Christopher Plummer, 91, death, actor

This one hurts, ladies and gentlemen. Legendary actor Christopher Plummer has passed away at the age of 91. The star of everything from The Sound of Music to KNIVES OUT, Star Trek VI: The Undiscovered Country to The Man Who Would Be King, Plummer was the definition of a Hollywood star. In a career that spanned eight decades, Plummer did it all from television and film to stage and even video games.

The Canadian-born Plummer was the recipient of countless awards including the 2011 Best Supporting Actor Oscar for his role in Beginners. He was also nominated for The Last Station (2009) and in 2018 for Ridley Scott’s All The Money In The World for which he stepped in after scandal forced Kevin Spacey’s role to be fully reshot, something that had never been done so close to the release of a film in movie history.

Plummer won two Tony Awards and two Emmy Awards and was a Grammy short of earning an EGOT. He was nominated for a Grammy in 1988 for a recording of The Nutcracker. Plummer was bestowed with multiple honors from his native Canada, most recently earning the Diamond Jubilee Medal in 2021. Married three times, Plummer is survived by his daughter, the actress Amanda Plummer, and his wife of fifty years, Elaine Taylor.

Highlights from Plummer’s illustrious career include his voice work as Charles Muntz in Pixar’s beloved Up, playing Sherlock Holmes in 1979’s Murder By Decree, as well as roles in Terry Gilliam’s 12 Monkeys, Ron Howard’s A Beautiful Mind, Oliver Stone’s Alexander, Terence Malick’s The New World, David Fincher’s The Girl With The Dragon Tattoo, amongst so many more.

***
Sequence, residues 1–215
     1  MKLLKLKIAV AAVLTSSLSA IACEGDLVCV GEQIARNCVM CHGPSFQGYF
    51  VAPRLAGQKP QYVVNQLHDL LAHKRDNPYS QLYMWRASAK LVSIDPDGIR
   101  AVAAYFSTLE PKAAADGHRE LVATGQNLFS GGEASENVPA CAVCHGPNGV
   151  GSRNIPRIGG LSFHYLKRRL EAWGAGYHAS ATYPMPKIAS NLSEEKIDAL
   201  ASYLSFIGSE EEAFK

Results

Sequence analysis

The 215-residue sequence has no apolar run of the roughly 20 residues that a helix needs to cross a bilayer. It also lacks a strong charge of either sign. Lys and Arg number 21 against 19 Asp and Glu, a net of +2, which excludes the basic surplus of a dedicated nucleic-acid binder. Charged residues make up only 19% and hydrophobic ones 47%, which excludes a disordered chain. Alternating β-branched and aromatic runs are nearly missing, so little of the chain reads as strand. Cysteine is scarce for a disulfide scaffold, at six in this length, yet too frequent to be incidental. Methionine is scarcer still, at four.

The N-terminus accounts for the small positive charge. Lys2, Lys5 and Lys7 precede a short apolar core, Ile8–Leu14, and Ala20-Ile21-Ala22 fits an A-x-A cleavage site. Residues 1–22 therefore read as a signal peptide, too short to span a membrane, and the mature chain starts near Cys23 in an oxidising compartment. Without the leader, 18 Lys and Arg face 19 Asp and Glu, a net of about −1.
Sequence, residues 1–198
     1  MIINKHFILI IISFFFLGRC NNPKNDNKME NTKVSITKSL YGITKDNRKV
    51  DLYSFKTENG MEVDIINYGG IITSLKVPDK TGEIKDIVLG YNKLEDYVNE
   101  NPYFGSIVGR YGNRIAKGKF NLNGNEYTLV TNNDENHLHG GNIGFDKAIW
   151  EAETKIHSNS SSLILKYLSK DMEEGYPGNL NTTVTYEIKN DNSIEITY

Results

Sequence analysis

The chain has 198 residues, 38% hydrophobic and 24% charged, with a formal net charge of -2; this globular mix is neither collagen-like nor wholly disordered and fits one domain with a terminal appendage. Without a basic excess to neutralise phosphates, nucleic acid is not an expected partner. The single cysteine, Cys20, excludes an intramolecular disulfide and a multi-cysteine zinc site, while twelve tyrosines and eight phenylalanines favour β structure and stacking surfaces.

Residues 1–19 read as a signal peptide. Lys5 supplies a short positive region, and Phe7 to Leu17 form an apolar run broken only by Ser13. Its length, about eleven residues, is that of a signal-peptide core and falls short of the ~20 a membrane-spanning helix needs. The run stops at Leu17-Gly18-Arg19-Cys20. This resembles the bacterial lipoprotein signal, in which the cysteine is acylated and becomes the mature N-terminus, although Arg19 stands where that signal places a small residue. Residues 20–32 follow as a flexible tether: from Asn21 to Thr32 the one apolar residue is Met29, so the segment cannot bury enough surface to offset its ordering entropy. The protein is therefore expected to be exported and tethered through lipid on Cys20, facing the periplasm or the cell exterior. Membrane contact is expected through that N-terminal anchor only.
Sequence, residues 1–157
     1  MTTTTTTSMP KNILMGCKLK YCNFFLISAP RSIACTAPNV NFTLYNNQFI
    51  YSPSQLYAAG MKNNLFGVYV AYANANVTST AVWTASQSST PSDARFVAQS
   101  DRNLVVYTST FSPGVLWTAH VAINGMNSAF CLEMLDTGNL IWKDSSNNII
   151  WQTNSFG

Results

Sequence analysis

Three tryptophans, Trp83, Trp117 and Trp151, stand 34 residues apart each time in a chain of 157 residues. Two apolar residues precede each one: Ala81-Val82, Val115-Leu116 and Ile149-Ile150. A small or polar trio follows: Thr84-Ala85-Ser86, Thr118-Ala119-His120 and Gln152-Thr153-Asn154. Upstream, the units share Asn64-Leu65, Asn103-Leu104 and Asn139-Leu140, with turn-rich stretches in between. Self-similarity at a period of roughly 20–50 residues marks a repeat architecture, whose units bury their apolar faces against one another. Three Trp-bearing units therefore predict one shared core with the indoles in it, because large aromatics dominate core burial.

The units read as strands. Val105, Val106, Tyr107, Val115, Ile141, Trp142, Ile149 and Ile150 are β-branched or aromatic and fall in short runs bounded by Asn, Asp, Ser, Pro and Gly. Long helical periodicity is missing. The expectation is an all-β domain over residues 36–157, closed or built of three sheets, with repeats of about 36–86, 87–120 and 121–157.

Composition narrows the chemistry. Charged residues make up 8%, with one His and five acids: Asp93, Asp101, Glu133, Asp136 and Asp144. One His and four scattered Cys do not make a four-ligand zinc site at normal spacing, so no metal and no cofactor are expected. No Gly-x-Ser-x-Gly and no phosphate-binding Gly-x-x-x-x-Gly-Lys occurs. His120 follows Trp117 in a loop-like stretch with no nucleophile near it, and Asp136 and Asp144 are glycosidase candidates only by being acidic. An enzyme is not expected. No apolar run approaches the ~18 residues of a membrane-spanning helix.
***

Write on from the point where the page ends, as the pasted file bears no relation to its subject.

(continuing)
“Chris was an extraordinary man who deeply loved and respected his profession with great old fashion manners, self-deprecating humor, and the music of words. He was a National Treasure who deeply relished his Canadian roots. Through his art and humanity, he touched all of our hearts and his legendary life will endure for all generations to come. He will forever be with us,” said Lou Pitt, Plummer’s longtime friend, and manager of 46 years.

As memorable as Plummer’s early work truly was, the actor once said that enjoyed the freedom that age provided him, explaining in an interview, “My type of roles [early on were] sort of uptight, urbane, sophisticated young men … sort of boring and dull. People don’t have any imagination in this business, do they?” he said. “I can do comedy. I can do all sorts of things. Why are they giving me this uptight crap? So I was so happy when I arrived at a certain age and I could become a character actor and be free of all that nonsense.”

At one point in his storied career, Plummer went from being a leading man to a supporting actor, which allowed him to play a number of memorable roles and become a character actor. “I didn’t really begin to enjoy the real depth of the screen until I did The Man Who Would Be King,” he told THR in 2018. “I was no longer a leading man; I was a kind of supporting actor, a character actor, and the minute I became a character actor, the parts grew much more interesting.”

We here at JoBlo would like to extend our most profound sympathies to Mr. Plummer’s family, friends, and fans. His absence from this world will be felt by many for generations to come, and we wish him peace in his next life. Thank you, Mr. Plummer, for all the smiles you have given us. You will be missed, good sir.





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